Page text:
You know by now just how much I love my Shark vacuum cleaner. And given my readers' letters and comments, I know that many of you have Sharkies, too.
I love your messages. They make me smile because I understand the range of emotions that come from using a Shark vacuum for the first time — from amazement to flat-out embarrassment.
Where on Earth did all of this dirt and debris come from? I can't believe what's been lurking in my carpet!
With all of the miles I've put on my numerous Shark vacs over the years, I've never had one fail. And while the manufacturer boasts that Sharks never lose suction, that is predicated on regularly cleaning their canister, filters and rotating brush.
It's right there in the owner manual, which most of us don't think to read until we have a problem. You need to clean your Shark every three months to keep it working at top efficiency — more often with heavy use. It's easy.
Signs that Sharkie needs a bath:
— Loss of suction.
— Dirt being left behind.
— Sounds weird, like Sharkie is gasping for air.
— An unpleasant, dirty odor.
Of course, you are emptying the dirt collection canister on a regular basis. However, once every three months (more often with heavy use), you need to do more than that. You need to wash it with soap and water, opening it from both ends if your model has that feature.
I do this in a sink that I've filled with warm, soapy water. I have a long-handled bottle brush I use to get into all of the crevices. The canister has no electrical connections, so submerging it in water is not a problem.
Once cleaned and rinsed, I open both ends and allow it to air-dry.
Once the canister is removed, you will see one or more filters made of foam rubber and, depending on your model, additional filters made of felt. Remove these, taking careful note of the order in which you do so you can replace them in proper order. It's not difficult.
Be prepared for a dirty situation on your hands if you are not cleaning these filters regularly.
I take them to a sink of warm, soapy (blue Dawn) water and give them a good and thorough bath. I wash both the foam and felt filters, being especially careful to not damage those made of felt.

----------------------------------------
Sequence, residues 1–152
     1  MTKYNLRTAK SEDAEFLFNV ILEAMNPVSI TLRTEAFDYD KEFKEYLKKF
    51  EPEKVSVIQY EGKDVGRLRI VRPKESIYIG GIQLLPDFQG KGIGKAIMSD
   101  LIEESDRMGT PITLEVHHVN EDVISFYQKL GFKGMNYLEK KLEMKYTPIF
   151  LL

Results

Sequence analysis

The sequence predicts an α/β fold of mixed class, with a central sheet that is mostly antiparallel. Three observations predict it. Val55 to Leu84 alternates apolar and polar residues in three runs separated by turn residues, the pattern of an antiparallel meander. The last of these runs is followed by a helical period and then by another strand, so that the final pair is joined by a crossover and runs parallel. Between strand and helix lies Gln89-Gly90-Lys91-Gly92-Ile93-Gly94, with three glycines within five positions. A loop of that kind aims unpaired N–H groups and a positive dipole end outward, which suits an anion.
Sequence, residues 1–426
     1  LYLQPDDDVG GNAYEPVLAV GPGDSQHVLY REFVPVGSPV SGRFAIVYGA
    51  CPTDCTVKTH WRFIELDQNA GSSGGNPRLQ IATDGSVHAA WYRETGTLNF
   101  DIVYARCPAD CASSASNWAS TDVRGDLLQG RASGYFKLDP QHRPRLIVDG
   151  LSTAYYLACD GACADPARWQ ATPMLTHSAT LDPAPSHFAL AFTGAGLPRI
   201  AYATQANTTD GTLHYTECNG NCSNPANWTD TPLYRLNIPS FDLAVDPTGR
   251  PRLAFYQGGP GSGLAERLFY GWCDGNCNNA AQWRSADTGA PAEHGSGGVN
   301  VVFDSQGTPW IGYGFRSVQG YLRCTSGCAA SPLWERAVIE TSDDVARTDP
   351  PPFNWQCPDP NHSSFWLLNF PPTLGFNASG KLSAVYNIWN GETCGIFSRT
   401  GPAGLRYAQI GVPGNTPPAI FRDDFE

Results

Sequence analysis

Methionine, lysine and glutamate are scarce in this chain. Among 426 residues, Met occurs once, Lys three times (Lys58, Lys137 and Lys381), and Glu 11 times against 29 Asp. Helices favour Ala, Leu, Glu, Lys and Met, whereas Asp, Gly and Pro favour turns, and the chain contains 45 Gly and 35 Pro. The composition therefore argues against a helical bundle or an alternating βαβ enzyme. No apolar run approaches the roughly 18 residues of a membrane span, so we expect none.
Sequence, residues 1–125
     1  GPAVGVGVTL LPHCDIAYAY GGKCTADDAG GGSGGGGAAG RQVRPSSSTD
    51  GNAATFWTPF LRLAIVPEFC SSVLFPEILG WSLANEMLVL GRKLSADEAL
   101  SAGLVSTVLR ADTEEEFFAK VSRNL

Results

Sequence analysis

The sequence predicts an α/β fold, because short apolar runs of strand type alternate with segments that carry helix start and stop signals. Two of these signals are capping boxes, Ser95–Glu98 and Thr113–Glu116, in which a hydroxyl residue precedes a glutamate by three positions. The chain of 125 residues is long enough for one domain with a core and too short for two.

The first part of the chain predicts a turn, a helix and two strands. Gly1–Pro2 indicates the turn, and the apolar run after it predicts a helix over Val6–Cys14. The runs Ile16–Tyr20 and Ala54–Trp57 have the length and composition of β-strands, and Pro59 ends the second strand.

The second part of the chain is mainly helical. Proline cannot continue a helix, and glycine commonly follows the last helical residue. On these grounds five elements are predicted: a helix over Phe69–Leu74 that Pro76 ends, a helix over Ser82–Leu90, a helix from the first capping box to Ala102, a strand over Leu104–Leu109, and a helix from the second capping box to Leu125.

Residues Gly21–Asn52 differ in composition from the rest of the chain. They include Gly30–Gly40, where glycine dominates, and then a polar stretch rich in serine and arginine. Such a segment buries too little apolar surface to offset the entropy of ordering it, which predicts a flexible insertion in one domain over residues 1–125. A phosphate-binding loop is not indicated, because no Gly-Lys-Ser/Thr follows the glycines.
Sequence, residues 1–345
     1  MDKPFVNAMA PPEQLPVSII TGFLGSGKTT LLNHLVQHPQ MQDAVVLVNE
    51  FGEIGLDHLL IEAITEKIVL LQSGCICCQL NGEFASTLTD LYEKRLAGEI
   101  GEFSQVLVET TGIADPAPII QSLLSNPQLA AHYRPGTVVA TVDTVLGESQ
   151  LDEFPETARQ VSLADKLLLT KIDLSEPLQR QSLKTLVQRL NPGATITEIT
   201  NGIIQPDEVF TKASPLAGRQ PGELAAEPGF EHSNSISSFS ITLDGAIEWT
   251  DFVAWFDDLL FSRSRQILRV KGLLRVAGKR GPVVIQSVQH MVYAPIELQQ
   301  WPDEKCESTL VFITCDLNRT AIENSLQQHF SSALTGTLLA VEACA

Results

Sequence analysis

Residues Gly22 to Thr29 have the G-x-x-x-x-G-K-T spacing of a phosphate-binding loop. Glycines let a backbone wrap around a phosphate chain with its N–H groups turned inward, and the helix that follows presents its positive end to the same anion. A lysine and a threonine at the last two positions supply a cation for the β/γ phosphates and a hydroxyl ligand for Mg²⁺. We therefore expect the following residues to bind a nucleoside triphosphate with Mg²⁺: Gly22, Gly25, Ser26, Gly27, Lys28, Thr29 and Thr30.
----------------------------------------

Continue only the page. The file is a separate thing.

(NOTE: The manufacturer does not recommend washing the felt filter. I carefully hand-wash and have done so many times with no problem. Do this at your own risk.)
Once cleaned and rinsed, the filter(s) may or may not return to their new white appearance. But don't worry. As long as they are not torn, broken or otherwise disintegrated, they'll be just fine, even if they remain stained.
Do not return the filter(s) to the vacuum at this point. They must be completely dry first. Otherwise prepare for mildew and mold — the last thing you ever want growing inside a vacuum.
When everything is clean and dry, replace the filters and canister. Sharkie will be so happy he'll return the favor with an even more exceptional cleaning job the next time you vacuum.
Filters will eventually wear out, and you can easily replace them. Just make sure you are purchasing the correct filters for your particular Shark model.
Next, lay the vacuum on the floor so you can see the rotating brush. You may want to place a bag or towel underneath to catch the debris and dirt you're about to release.
More than likely you will see strings, hair and other material wrapped around the brush. This is normal.
I use scissors to cut through whatever has wound itself around the brush. That makes it easy to clean up the brush. You may have to pull and tug a bit, but it will come off.
My Shark model of choice remains the Shark Navigator Lift-Away Professional Upright. It comes with a hard-flooring separate attachment (awesome), and the lift-away feature makes it so easy to vacuum stairs.
You can find helpful photos showing how to clean your Shark vacuum at www.everydaycheapskate.com/cleanshark .
Mary invites questions, comments and tips at EverydayCheapskate.com, "Ask Mary a Question," or c/o Everyday Cheapskate, 12340 Seal Beach Blvd., Suite B-416, Seal Beach, CA 90740. This column will answer questions of general interest, but letters cannot be answered individually. Mary Hunt is the founder of Debt-Proof Living, a personal finance member website and the author of the book Debt-Proof Living, Revell 2014. To find out more about Mary visit the Creators Syndicate Web page at www.creators.com.